Blue-breasted Fairy-wren

Its natural habitat is Mediterranean-type shrubby vegetation.

The Blue-breasted Fairy-wren is classified as Least Concern. Does not qualify for a more at risk category. Widespread and abundant taxa are included in this category.

reliable site for Blue-breasted Fairy-wren in the low bushes around the dam. The late afternoon is a good time to look for bronzewings coming to drink. The Kawana Road Walk passes by the southern side. Casuarina Woodland (2.1km S32° 46´ 04" E116° 58´ 52") - This is an area with a lot of casuarinas. Listen for White-browed Babblers, but they seem to be getting harder to find recently at Dryandra. Red-tailed Phascogale occurs in the casuarina thickets. Wandering - Narrogin Road (3. More

for Blue-breasted Fairy-wren and I have seen Southern Scrub-robin and Western Yellow Robin near the chalets. There is a good walk around the block. Follow the western fence north until the corner and turn right (east) following the fence. There is a small grain silo where there is often spilt grain where Galah, Elegant Parrot and Regent Parrot come to feed. Continue along the track beside the fence and return along the firebreak that is parallel and close to Chester Pass Road. Allow 1. More

Blue-breasted Fairy-wrens were inhibited by gaps greater than about 60 m, whereas White-browed Babblers crossed gaps of at least 270 m wide. For each species, the rate of dispersal mortality per unit distance traveled was about the same. More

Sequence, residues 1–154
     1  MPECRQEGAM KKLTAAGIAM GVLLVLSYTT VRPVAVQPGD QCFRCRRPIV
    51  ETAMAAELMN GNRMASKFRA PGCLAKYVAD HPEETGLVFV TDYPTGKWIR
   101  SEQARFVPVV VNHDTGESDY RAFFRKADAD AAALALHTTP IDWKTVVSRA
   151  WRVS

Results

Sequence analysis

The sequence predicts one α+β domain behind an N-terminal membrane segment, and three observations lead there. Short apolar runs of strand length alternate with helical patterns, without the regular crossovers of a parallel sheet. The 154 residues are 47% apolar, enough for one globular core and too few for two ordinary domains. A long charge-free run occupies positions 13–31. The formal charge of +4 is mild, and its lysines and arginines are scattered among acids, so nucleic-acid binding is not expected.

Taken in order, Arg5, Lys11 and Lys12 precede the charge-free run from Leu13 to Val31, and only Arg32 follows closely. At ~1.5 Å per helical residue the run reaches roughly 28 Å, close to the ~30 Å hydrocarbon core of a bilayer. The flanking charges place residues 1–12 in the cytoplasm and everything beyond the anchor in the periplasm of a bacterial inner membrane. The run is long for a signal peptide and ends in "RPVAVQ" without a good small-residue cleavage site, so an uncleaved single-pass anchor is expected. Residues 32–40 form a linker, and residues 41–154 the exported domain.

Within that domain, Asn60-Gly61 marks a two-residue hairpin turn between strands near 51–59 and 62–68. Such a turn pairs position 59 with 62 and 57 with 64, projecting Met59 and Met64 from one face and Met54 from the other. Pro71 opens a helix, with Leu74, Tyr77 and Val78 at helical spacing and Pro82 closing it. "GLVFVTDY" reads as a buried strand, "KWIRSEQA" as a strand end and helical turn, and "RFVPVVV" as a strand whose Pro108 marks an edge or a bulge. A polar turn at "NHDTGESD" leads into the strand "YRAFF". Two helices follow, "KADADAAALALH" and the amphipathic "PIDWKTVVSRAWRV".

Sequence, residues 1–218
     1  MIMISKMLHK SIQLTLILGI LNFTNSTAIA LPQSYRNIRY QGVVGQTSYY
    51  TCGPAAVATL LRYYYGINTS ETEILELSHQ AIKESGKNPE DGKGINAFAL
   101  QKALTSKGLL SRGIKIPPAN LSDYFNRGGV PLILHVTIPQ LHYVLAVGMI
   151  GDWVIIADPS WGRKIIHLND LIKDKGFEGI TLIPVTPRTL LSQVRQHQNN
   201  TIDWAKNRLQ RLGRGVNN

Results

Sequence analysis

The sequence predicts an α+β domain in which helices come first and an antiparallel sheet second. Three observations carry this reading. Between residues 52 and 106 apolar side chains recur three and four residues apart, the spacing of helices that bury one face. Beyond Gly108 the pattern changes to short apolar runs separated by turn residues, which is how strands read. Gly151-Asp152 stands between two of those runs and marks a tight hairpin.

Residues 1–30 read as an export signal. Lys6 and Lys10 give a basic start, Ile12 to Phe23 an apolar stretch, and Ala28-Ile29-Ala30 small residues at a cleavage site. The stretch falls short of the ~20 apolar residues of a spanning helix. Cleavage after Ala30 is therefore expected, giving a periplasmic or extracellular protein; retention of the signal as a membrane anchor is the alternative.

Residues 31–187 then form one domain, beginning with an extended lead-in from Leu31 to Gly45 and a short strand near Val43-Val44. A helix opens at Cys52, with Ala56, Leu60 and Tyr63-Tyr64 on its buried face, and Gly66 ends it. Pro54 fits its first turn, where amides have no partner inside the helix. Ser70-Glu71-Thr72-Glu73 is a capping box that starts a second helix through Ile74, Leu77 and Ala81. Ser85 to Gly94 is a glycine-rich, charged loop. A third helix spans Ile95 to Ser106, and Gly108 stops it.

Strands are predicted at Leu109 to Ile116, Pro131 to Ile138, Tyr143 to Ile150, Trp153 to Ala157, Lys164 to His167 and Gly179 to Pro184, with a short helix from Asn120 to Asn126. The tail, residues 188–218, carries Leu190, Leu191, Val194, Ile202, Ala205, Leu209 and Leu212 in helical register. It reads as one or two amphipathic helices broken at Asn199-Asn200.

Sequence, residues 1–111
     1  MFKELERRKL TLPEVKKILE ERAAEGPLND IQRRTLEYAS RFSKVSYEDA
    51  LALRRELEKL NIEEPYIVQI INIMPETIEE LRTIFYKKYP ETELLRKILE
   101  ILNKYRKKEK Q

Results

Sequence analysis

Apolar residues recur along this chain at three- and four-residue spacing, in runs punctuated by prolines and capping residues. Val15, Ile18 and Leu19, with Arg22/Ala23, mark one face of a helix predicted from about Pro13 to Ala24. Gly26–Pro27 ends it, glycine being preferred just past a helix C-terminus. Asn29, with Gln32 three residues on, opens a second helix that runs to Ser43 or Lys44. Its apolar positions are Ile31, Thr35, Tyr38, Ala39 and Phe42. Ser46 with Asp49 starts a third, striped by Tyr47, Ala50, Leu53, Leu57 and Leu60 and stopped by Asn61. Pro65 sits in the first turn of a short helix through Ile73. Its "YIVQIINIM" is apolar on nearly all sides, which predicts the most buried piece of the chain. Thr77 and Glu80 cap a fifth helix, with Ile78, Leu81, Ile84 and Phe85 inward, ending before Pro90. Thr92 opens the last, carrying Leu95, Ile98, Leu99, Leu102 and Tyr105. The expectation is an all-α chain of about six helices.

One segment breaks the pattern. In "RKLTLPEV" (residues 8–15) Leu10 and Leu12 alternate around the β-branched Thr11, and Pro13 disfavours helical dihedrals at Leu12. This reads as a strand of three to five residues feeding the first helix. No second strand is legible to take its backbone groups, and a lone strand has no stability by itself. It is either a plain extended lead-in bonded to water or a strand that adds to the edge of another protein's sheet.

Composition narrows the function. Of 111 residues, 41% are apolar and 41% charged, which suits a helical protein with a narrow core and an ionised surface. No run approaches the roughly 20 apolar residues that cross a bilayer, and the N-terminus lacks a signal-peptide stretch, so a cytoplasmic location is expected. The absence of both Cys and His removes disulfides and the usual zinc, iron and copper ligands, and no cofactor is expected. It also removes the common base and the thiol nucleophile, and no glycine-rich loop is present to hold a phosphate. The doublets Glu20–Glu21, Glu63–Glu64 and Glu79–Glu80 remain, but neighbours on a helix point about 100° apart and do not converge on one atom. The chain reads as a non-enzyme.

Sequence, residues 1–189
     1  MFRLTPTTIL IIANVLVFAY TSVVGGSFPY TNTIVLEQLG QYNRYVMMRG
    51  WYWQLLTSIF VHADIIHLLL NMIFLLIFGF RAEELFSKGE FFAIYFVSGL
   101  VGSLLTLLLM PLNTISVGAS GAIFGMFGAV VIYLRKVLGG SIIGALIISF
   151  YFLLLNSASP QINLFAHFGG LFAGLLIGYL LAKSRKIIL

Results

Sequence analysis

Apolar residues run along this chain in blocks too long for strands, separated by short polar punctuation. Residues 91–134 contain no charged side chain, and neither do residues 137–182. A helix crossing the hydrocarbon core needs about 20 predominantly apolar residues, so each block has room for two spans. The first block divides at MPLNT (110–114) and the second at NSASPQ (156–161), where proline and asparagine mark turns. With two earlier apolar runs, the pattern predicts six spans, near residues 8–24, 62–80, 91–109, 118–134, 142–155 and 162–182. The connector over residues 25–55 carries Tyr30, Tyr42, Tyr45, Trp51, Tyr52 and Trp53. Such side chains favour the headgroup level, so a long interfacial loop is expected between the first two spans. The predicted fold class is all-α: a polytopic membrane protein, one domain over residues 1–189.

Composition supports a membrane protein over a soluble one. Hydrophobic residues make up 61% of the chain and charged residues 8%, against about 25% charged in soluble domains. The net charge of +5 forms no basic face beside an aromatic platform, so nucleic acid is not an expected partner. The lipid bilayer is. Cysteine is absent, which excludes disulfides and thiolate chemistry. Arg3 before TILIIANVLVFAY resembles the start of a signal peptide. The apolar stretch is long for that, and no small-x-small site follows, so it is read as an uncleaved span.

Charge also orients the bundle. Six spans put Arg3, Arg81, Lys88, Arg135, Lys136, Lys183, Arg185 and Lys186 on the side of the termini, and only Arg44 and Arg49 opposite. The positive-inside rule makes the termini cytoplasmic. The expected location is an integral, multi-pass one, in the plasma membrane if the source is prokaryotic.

Blue-breasted Fairy-wren and Western Yellow Robin at Fishermans Point, Southern Scrub-Robin at Cape Donnington and Taylors Landing, and a calling Western Whipbird at the latter location, which eventually stayed long enough for two people to see him but no one else! coffin Coffin Bay National Park Day 11 Port Linclon & Lincoln NP 19/8/06 An early morning start was made to try and see the Western Whipbird at Taylors Landing but while we were treated to the most beautiful More

the Blue-breasted Fairy-wren, in areas where these two species occur close together, or whether the colour of the crown and ear-tufts is cobalt-blue or violet or somewhere in between. Among the Australian fairy-wrens, most males assume this Bright plumage only in the breeding season, but males of the three New Guinea species exhibit the same plumage coloration and pattern throughout the year. More

Blue-breasted Fairy-wren in fragmented habitat in the Western Australian wheatbelt Lesley Brooker and Michael Brooker Abstract The distribution of Blue-breasted Fairy-wrens, Malurus pulcherrimus, in 12 million hectares of the central wheatbelt of Western Australia was determined from 'presence/absence' records obtained from a search of 273 10′ blocks of latitude and longitude, supplemented with 'presence-only' records from the Birds Australia Atlas II, the literature and unpublished records. More

The blue-breasted fairy-wren, Malurus pulcherrimus, is a small, permanently sedentary, socially monogamous, co-operatively breeding, long-lived Australian passerine, whose core distribution is contained within the Western Australian wheatbelt. Little is known of their dispersal capabilities and population dynamics, knowledge of which are urgently needed as their preferred habitat becomes increasingly fragmented and degraded, due to clearing for agriculture. More

Order : Passeriformes
Family : Maluridae
Genus : Malurus
Species : pulcherrimus
Authority : Gould, 1844